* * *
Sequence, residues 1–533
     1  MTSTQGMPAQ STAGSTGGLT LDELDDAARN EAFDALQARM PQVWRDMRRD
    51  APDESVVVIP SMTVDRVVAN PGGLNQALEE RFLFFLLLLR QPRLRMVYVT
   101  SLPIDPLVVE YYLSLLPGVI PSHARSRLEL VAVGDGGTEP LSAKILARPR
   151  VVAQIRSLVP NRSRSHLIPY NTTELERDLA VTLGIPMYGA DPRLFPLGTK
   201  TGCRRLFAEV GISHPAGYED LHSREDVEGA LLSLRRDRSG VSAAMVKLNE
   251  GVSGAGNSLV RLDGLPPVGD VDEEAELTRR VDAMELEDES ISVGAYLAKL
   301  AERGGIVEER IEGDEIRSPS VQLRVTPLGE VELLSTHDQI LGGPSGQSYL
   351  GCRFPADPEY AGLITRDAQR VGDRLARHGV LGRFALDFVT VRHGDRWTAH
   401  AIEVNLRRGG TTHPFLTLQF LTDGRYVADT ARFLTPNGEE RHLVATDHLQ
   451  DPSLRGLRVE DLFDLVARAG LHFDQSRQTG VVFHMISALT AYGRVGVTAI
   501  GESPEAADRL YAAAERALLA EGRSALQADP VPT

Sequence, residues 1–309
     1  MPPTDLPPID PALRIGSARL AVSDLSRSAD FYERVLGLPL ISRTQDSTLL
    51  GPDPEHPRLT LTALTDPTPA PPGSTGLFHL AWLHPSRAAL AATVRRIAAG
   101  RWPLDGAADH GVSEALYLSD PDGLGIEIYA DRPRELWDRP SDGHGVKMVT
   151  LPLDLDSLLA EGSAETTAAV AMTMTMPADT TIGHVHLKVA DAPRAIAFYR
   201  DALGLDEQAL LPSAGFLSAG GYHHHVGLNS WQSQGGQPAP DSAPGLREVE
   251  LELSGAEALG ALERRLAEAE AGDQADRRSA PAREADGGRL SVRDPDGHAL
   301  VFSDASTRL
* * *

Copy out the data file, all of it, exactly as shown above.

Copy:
Sequence, residues 1–533
     1  MTSTQGMPAQ STAGSTGGLT LDELDDAARN EAFDALQARM PQVWRDMRRD
    51  APDESVVVIP SMTVDRVVAN PGGLNQALEE RFLFFLLLLR QPRLRMVYVT
   101  SLPIDPLVVE YYLSLLPGVI PSHARSRLEL VAVGDGGTEP LSAKILARPR
   151  VVAQIRSLVP NRSRSHLIPY NTTELERDLA VTLGIPMYGA DPRLFPLGTK
   201  TGCRRLFAEV GISHPAGYED LHSREDVEGA LLSLRRDRSG VSAAMVKLNE
   251  GVSGAGNSLV RLDGLPPVGD VDEEAELTRR VDAMELEDES ISVGAYLAKL
   301  AERGGIVEER IEGDEIRSPS VQLRVTPLGE VELLSTHDQI LGGPSGQSYL
   351  GCRFPADPEY AGLITRDAQR VGDRLARHGV LGRFALDFVT VRHGDRWTAH
   401  AIEVNLRRGG TTHPFLTLQF LTDGRYVADT ARFLTPNGEE RHLVATDHLQ
   451  DPSLRGLRVE DLFDLVARAG LHFDQSRQTG VVFHMISALT AYGRVGVTAI
   501  GESPEAADRL YAAAERALLA EGRSALQADP VPT

Sequence, residues 1–309
     1  MPPTDLPPID PALRIGSARL AVSDLSRSAD FYERVLGLPL ISRTQDSTLL
    51  GPDPEHPRLT LTALTDPTPA PPGSTGLFHL AWLHPSRAAL AATVRRIAAG
   101  RWPLDGAADH GVSEALYLSD PDGLGIEIYA DRPRELWDRP SDGHGVKMVT
   151  LPLDLDSLLA EGSAETTAAV AMTMTMPADT TIGHVHLKVA DAPRAIAFYR
   201  DALGLDEQAL LPSAGFLSAG GYHHHVGLNS WQSQGGQPAP DSAPGLREVE
   251  LELSGAEALG ALERRLAEAE AGDQADRRSA PAREADGGRL SVRDPDGHAL
   301  VFSDASTRL